How Dangerous is it to Use Your Cell Phone While Driving?
The fact that over 660,000 drivers are using their cellphones in some way while operating a vehicle is shocking. While smartphones have made it easy for us to stay connected to our loved ones at all times, they have also impaired our ability to drive distraction free.Teen Cell Phone Statistics While Driving
- Teen drivers are four times more likely to get into car crashes when talking or texting than adults.
- Eleven teens die every day as a result of texting while driving.
- 21% of teen drivers involved in deadly accidents were sidetracked by their cell phones.
- A teen driver with one passenger doubles the risk of getting into a deadly car accident.
- According to an AAA poll, 94% of teen drivers acknowledge the dangers of texting while driving, and still 35% confessed to doing it anyway.
- 74% of drivers support a ban on hand-held cell phone use.
- Answering a text while driving takes away your attention from the road for five seconds.
- Nearly 330,000 injuries happen each year from accidents resulting from texting while driving.
- Of all cell phone related tasks, the most dangerous task by far is texting.
- 94% of drivers support a ban on texting while driving.
- Texting while operating a vehicle causes a 400% increase in time spent with eyes off of the road.
- Texting while driving is six times more likely to cause an accident than driving drunk.
- The National Safety Council reports that cell phone use while driving leads to 1.6 million crashes each year.
- One out of four car accidents in the United States is caused by texting and driving.
- Of the drivers surveyed, 14% said they read text messages or emails while driving.
- In the survey, 24% of drivers stated that they are comfortable making a phone call while driving.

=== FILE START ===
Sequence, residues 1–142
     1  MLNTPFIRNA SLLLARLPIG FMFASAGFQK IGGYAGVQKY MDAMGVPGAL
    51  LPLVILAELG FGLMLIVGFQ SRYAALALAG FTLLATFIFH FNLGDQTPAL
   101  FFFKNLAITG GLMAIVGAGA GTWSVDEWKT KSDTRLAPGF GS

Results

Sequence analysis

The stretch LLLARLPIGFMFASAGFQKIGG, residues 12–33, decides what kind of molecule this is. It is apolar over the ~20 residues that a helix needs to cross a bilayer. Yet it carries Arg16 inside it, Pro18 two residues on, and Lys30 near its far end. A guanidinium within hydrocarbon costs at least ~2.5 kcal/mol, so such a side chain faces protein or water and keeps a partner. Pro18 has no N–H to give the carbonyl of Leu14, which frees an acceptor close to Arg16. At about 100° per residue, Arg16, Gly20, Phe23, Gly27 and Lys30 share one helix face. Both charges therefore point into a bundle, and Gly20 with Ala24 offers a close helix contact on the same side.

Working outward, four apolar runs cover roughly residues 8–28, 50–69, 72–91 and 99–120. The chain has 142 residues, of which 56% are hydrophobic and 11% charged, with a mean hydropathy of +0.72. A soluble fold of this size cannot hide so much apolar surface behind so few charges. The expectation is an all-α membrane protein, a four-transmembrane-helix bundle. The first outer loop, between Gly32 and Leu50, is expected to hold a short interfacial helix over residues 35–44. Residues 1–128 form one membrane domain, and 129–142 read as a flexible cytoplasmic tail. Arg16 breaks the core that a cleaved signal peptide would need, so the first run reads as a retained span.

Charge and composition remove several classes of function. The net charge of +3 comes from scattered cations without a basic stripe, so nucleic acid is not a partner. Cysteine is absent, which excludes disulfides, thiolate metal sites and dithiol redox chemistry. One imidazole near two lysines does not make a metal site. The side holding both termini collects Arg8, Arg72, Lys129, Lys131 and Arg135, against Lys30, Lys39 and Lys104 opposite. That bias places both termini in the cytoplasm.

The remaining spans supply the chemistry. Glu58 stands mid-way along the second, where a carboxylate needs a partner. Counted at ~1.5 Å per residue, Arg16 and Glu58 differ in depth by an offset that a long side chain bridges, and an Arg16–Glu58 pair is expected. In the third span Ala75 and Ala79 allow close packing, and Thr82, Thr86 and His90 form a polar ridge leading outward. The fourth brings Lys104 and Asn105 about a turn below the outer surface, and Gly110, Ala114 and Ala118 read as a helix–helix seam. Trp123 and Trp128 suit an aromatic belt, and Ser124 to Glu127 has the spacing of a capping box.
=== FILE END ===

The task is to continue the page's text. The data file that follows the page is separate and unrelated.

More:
- A majority of participants supported laws that banned talking on cell phones, emailing and texting while driving as well.
- 1 in 10 drivers surveyed said that they send text messages or emails while driving.
- Nearly 48% of drivers confess to answering their cell phones while driving.
- 58% of drivers that admitted to answering their phones while driving continued to drive while talking on the phone.
- In 2012, 11% of drivers under age 20 involved in deadly car accidents were documented to be sidetracked at the time of the crash.
- About 421,000 people were wounded in crashes involving a sidetracked driver.
- In 2012, 3,328 people were killed in distraction-related accidents.
- ¼ of teenagers respond to at least one text message every time they are behind the wheel. 20% of teens and 10% of parents admit to having muti-text message conversations while driving.
The National Highway Traffic Safety Administration in 2009 estimated sidetracked drivers caused 20% of car accidents implicating injuries. A study University of Utah performed revealed that drivers that were preoccupied with something while driving had a slower reaction time than those of individuals that had a blood alcohol level of .08%. San Antonio has implemented new laws that should help in reducing sidetracked drivers. These new laws should encourage everyone to put their phone away while driving, saving many innocent lives. Any and all cell phone use while driving creates distraction and takes your focus off of the road. It is this distraction that leads to majority of auto accidents.